I’m turning forty this year, and suddenly figured out how to conduct myself as a human being. I imagine it as ‘suddenly’, but it may have been a gradual and rising tide of okayish-ness that finally wet the beach blanket and had me move up the sand . I dunno. We live, we learn.
There’s that statement about grace: when you feel yourself at exactly the right place, at exactly the right time, and when working with exactitude. That’s when you know grace is moving through you.
Figuring it out at forty. Has a nice alliterative ring, no?
Jenn usually texts me at some point during the day.
“How’s the morning, Babe?”
And yesterday I replied: “I’m a ray of light! I’m Jon Cusack with a motherfucking radio!”
I like to keep it interesting.
But that’s how I felt. You see, there are these space telescopes that have lenses made of adjustable cells, and when the cells align just so, the universe snaps into crystal-clear focus. It’s like I’m made of those cells, and when the cells align properly, the cosmos bolts right through me.
This is an overstatement, I’m aware. I grew up on Carl Sagan, and as far as I’m concerned, we’re all stardust. ‘Stardust’ can be a bad David Bowie lyric, but also a measure of simultaneous presence and oblivion. Wouldn’t you love to know that you are, literally, a star? It’s what Sagan has suggested all this time.
So when I’m who I am supposed to be—father, husband, seenchain—storytelling the day through and happy, it seems there’s a bit of stardust in the mix, like it’s a trick.
But it’s not a trick.
It’s not like the Secret in some pay-to-play religion. It’s not anything I can exactly explain.
There are magic incantations involved, though. Words like Harry Potter spells, ones you don’t need a willow wand for.
“I’m sorry. I was wrong.”
“I’ll do better.”
“Good to see you.”
“I hear you.”
“I love you.”
Most importantly, “How are you?”
Like most good spells, there are hand gestures involved. It’s been pointed out that I talk with my hands: I run an open hand over my chest, then turn it outwards as if I were pulling words from my stomach then presenting them as matter of fact.
I have, recently, been tapping my sternum a lot, too, of late, saying ‘heart’ all the goddamn time. This is unlike me, but like me, too. We discover secret languages within ourselves the older we get.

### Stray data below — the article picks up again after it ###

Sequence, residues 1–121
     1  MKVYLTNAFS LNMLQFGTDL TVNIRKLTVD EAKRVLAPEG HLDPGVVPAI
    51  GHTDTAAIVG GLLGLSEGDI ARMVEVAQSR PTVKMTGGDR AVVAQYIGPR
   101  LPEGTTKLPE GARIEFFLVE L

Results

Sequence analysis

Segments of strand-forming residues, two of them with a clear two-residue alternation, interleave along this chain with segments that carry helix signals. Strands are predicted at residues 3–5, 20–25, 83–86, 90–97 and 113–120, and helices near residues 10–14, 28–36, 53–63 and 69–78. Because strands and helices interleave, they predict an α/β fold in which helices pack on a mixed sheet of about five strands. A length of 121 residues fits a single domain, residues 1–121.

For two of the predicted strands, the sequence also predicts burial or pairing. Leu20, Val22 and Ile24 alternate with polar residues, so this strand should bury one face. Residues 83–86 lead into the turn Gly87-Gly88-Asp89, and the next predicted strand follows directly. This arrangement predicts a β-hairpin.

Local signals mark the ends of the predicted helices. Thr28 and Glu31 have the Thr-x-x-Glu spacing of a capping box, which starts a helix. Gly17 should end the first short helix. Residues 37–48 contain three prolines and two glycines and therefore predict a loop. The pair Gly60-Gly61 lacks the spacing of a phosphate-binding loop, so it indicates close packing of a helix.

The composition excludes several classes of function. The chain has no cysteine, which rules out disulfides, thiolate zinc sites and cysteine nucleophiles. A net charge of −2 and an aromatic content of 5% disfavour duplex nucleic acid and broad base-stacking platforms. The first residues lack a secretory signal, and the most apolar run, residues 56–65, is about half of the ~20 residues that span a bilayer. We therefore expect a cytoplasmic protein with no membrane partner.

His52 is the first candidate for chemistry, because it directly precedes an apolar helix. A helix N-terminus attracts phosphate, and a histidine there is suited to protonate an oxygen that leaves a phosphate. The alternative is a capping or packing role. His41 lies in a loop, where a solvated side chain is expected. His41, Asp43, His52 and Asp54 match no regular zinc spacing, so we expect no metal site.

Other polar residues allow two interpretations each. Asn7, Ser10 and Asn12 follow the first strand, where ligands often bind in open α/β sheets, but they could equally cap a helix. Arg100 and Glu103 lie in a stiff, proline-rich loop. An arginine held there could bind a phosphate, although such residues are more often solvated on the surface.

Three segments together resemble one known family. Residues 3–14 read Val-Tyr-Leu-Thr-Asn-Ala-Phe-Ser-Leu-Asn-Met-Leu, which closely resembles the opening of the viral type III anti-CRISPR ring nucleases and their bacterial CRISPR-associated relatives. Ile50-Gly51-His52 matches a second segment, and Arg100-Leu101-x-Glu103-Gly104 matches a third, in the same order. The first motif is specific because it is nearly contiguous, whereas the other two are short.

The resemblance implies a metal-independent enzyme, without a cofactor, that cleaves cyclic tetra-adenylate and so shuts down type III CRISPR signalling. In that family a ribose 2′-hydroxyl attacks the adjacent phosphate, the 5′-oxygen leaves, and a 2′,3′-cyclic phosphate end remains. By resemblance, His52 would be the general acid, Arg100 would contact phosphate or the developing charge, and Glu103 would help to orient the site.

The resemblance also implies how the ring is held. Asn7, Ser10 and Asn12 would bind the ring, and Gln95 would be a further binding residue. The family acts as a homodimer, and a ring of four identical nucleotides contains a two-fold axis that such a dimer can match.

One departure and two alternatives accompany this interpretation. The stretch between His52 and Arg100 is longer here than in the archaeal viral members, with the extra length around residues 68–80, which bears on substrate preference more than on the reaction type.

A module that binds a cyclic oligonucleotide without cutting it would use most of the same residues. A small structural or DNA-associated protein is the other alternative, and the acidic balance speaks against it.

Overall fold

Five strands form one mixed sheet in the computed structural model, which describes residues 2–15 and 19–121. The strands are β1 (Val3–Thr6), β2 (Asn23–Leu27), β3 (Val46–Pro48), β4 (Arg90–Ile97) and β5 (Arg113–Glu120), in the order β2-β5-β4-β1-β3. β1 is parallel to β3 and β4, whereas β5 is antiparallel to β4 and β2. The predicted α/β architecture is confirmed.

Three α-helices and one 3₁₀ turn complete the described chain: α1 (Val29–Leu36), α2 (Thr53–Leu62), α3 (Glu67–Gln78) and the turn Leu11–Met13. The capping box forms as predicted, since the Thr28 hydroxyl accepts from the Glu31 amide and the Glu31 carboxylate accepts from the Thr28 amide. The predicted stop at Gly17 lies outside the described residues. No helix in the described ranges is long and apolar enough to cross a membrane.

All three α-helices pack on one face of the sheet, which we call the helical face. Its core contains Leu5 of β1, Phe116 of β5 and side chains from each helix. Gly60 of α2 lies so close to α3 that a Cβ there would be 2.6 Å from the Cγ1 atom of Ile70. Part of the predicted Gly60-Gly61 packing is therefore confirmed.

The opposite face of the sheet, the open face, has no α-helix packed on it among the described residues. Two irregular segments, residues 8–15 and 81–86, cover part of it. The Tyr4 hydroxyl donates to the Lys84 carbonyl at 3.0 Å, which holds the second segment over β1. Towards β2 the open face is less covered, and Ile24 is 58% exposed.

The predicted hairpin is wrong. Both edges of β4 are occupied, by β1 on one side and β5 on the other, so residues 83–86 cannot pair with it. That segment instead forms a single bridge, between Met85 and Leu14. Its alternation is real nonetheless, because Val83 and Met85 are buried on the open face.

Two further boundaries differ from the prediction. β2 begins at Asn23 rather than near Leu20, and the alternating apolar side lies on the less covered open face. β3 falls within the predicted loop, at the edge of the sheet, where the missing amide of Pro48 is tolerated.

Pleased to meet me.
Jenn leans in the door-frame. Cayde’s supposed to be in bed, and I’m busy writing, my bangs knotted in a bundle.
“He wants you. He says Daddy is best at calming him down when he’s upset.” Jenn smirks.
The pendulum swings. Cayde has told me on occasion that he hates me; but the other day I fell asleep on the couch and woke up to Cayde clutching me tight. He was responsible for pulling a blanket over us, the green afghan that used to be my dad’s. I wake up at 4 a.m.; ‘Good morning, Daddy,’ he says and those are three words that tell me I’ve succeeded in life. That I’ve used words to describe myself, and that he uses words to describe himself in turn. That a morning together is GOOD, that he uses the word, ‘good.’
“Can we have waffles?”
“Going to work, Kid. Sorry—no.”
This whole happiness thing comes at a strange dystopian time. Cayde has heard, perhaps, too much of my Trump vitriol. He gets upset.
“I’m scared, Daddy.”
I tell him to hit me in the stomach, hard. I don’t flinch: my core is strong. This impresses the hell outta Cayde. Dad MUST be a hero to make the kid more of one. (The punches actually hurt, a little).
“You gotta resist and be strong, Kid.”
“But, Daddy: you ask me to hit you in the stomach. That’s what Houdini said. And a guy hit him in the stomach with a hammer and he died.”
My kid’s got a mortal streak (apple not far from the tree).
(Jenn tells me: “He’s scared.”)
So I crawl into bed with Cayde.
He’s been reading his U.S. presidents book everyday, and he’s cued in—perhaps, too acutely—to the fact that a few presidents have been assassinated. Mortal streak, like I said. He’s got me for a dad.
I’m ok this year, but last year the fact of walking was like falling down in slow motion. I see a certain non-existence when I see a seagull land, and stop flying. There is movement and non-movement. Try and tell the difference sometime.
“Cayde—we’ve talked about this. People make a difference, sometimes leaders do. But people are the more important difference. Sometimes leaders who lead people, especially for peace, wind up assassinated.
I choose to be frank with him. My Irish friend made his wife recite to him the word ‘det’ before he died, because death is the eventuality and why the hell say anything different?
Cayde and I—we talk for an hour.
We talk WWII, Hitler, Osama Bin Laden, Bush, Trump, Mussolini, FDR, JFK, RFK, MLK. We talk about feeling scared, and the idea that peace is sometimes mortally and unfairly punished. But also that people’s movements make the difference.
“Seven continents marched for the Women’s March, Dude.”
“Really?” Cayde’s eyes widen.
“Yeah—biggest march in HISTORY, Dude.”
He is stuck on this fact; he also tells me that Charles J. Guiteau shot James Garfield.
“He picked a revolver to kill Garfield, Daddy, because he thought the revolver would look good in a museum. “
Little and selfish acts. Gun in a glass case.
I counter and talk about Ghandi.
Cayde woke up in the morning, asked me while I was pulling on my work clothes, while HE still had his bangs tied in a bundle, and while he was wrapped in the green afghan: “Daddy can you tell me more about Mo-Mohat-Mahat Ghandi when you pick me up today?”
He demanded I pick him up. Mama and I share the duties, but he wanted to have another conversation.
“Sure, Kid.” Let’s talk about him.
My heart: it is full.